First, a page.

tive maintenance technologies are used, including vibration analysis, thermal imaging, ultrasonic analysis, oil analysis, and power condition and monitoring. Aarrowcast’s vibration analysis database includes more than 1,600 data points with 87-91% updated weekly or bi-weekly. Te remaining are updated as opportunity or needs arise. Te detection of problems has improved and increased as training and experi- ence has grown. Ultrasonic shock pulse monitoring recently has been added to its suite of automatic vibra- tion tests if the device being tested is rotating at less than 600 RPM. Infrared cameras perform thermal imaging of electrical components and check the bearing, gearbox, refrac- tory and bin levels temperatures for hotspots. Te detection of an unde- sired temperature (either too hot or too cold) has long been used to find problem areas. Tis technology assists others, such as vibration and ultra- sound, to provide additional infor- mation about what stage of failure the device being tested may be in. Temperature loggers attached to the process enables Aarrowcast to calcu- late trend values for time/load/func- tion correlations. Friction and turbulence produce


ultrasonic noise the human ear cannot hear. Ultrasonic instruments are tuned to frequencies as high as 100 kHz. Te unit processes the signal down


in conjunction with infrared imaging on electrical apparatus because ultra- sound can “hear” a fault condition that infrared may not “see” and vice versa. Ultrasonic analysis can be used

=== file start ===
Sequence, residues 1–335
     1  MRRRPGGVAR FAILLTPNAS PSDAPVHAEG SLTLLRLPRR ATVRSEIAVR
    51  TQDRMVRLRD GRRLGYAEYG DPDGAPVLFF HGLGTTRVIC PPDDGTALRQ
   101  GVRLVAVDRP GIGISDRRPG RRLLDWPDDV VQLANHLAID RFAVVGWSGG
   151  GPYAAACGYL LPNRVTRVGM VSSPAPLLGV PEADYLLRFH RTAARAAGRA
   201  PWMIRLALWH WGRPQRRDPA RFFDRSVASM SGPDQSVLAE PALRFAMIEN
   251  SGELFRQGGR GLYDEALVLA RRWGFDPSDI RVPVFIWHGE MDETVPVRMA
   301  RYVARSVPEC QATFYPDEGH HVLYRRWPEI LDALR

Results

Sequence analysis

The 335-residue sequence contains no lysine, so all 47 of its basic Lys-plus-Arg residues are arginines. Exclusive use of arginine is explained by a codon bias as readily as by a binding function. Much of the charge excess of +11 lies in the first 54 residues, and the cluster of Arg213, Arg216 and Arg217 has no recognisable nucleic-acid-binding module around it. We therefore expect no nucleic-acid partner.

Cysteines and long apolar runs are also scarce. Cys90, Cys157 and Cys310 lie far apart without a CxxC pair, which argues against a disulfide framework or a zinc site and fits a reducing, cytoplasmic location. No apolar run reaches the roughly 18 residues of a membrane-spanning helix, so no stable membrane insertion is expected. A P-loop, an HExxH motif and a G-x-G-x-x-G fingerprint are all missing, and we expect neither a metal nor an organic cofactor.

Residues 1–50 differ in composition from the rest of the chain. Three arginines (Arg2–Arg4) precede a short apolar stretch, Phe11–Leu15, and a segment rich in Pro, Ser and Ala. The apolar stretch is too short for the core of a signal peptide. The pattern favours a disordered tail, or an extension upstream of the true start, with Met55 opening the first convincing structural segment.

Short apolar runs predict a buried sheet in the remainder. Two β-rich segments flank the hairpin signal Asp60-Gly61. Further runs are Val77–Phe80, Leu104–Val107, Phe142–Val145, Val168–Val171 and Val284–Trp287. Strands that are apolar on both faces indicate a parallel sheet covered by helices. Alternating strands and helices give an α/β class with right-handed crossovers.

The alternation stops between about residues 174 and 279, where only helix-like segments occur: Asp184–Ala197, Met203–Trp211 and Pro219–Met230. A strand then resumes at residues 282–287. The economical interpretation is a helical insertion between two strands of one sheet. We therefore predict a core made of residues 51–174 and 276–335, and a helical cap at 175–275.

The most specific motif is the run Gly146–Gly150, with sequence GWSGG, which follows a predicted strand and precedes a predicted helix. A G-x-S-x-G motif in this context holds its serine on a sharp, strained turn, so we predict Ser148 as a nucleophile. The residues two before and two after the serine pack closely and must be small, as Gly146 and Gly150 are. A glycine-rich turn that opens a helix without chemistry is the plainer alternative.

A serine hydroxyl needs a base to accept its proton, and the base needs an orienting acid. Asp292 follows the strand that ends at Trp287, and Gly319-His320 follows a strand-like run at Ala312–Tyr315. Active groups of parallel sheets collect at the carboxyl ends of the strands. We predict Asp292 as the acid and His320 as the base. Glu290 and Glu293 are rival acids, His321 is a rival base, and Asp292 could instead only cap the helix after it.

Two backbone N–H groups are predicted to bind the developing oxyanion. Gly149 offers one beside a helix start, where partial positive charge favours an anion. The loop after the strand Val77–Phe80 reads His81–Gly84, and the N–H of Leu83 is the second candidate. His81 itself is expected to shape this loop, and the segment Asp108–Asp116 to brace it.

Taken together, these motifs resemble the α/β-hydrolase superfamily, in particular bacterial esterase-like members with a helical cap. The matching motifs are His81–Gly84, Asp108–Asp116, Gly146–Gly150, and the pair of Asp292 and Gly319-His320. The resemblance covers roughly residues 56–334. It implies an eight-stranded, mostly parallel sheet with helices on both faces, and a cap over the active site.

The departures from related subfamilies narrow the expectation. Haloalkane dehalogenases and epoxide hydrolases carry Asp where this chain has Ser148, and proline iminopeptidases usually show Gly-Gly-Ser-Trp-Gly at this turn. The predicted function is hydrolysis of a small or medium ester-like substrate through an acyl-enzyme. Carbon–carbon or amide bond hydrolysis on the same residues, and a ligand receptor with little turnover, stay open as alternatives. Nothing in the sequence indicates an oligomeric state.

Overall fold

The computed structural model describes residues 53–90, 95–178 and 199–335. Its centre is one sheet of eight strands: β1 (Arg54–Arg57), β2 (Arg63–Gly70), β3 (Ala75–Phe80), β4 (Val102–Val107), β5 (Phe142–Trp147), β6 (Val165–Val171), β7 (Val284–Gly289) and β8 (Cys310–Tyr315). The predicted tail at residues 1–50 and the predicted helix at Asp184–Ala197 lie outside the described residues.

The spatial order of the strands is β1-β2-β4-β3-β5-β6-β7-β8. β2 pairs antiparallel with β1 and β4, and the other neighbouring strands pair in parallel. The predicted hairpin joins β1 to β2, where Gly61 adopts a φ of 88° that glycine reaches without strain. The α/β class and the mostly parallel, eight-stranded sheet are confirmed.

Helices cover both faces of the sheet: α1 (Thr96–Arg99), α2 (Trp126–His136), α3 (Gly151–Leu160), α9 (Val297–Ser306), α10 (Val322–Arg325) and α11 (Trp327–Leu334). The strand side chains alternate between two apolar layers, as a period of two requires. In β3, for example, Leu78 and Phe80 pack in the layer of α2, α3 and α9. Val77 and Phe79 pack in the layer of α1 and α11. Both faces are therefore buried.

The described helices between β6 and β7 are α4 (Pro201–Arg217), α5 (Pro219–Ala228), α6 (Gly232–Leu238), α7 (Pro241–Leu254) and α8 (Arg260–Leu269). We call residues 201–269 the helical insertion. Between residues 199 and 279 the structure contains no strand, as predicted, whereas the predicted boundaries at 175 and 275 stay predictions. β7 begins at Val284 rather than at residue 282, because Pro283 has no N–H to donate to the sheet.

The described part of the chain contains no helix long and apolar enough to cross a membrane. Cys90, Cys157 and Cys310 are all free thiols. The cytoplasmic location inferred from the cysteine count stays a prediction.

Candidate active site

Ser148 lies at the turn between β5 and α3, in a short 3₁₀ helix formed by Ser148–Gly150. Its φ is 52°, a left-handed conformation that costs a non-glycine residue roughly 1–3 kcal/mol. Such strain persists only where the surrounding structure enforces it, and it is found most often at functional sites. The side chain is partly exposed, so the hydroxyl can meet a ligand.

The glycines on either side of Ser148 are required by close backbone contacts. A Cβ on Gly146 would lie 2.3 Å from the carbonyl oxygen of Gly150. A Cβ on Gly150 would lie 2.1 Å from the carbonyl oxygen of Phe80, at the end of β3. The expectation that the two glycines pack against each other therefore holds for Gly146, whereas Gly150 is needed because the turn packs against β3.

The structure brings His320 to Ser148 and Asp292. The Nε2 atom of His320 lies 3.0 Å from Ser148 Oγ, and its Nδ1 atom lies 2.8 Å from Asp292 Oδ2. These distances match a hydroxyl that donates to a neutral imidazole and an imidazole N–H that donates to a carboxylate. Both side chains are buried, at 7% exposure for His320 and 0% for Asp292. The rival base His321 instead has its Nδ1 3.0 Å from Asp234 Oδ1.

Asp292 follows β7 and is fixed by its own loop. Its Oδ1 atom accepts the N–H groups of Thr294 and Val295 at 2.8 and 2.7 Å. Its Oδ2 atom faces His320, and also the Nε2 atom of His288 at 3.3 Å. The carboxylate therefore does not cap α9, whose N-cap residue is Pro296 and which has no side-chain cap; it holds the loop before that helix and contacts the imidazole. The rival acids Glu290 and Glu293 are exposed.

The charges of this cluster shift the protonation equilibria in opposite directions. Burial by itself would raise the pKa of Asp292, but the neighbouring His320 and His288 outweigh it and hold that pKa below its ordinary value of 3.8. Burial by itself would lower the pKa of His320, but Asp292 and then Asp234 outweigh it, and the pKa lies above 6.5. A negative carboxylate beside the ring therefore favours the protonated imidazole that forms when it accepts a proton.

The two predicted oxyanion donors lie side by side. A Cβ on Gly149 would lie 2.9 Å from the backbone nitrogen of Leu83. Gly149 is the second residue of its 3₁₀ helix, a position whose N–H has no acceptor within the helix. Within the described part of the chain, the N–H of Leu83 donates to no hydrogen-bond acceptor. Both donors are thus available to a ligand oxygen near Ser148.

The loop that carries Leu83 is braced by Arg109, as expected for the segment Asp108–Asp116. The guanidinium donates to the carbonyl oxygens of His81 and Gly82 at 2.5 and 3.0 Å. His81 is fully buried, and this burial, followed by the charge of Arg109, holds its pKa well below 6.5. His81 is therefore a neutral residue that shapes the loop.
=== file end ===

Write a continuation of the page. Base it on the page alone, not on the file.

to test valve functions and pump operations. Te detection of airborne ultrasonic turbulence generated by a compressed air leak can be used to reduce energy losses from a com- pressed air supply. Oil analysis, which Aarrowcast


outsources to the oil supplier, is conducted on samples taken during scheduled maintenance or as a special sample taken to back up vibration or ultrasonic technologies. Results are reviewed and work orders generated to respond to needs as determined. Routine online and offline motor


tests on critical equipment through- out the plant can be used to evaluate power supply problems and monitor motor conditions. Offline motor test procedures


include gathering inductive, capacitive and resistive values in the de-energized motor circuit. Te motor’s insulation properties are evaluated and trended along with the levels of imbalnance that exist among the components. Other testing and data collecting


procedures include stroke monitor- ing of vibratory conveyors, dew point monitoring, laser alignments, precision lubrication, fan wheel balancing, root cause failure analysis and continuous process improvement. Stroke monitoring can be used to


monitor the wear in drive compo- nents and how it effects the stroke of the conveyor. Dew point monitoring of the air discharging from com- pressed air driers helps in scheduling desiccant material changes when it’s necessary, instead of on a time-based schedule. Te testing procedures also involve making sure the unit


October 2016 MODERN CASTING | 27


Page 1  |  Page 2  |  Page 3  |  Page 4  |  Page 5  |  Page 6  |  Page 7  |  Page 8  |  Page 9  |  Page 10  |  Page 11  |  Page 12  |  Page 13  |  Page 14  |  Page 15  |  Page 16  |  Page 17  |  Page 18  |  Page 19  |  Page 20  |  Page 21  |  Page 22  |  Page 23  |  Page 24  |  Page 25  |  Page 26  |  Page 27  |  Page 28  |  Page 29  |  Page 30  |  Page 31  |  Page 32  |  Page 33  |  Page 34  |  Page 35  |  Page 36  |  Page 37  |  Page 38  |  Page 39  |  Page 40  |  Page 41  |  Page 42  |  Page 43  |  Page 44  |  Page 45  |  Page 46  |  Page 47  |  Page 48  |  Page 49  |  Page 50  |  Page 51  |  Page 52  |  Page 53  |  Page 54  |  Page 55  |  Page 56  |  Page 57  |  Page 58  |  Page 59  |  Page 60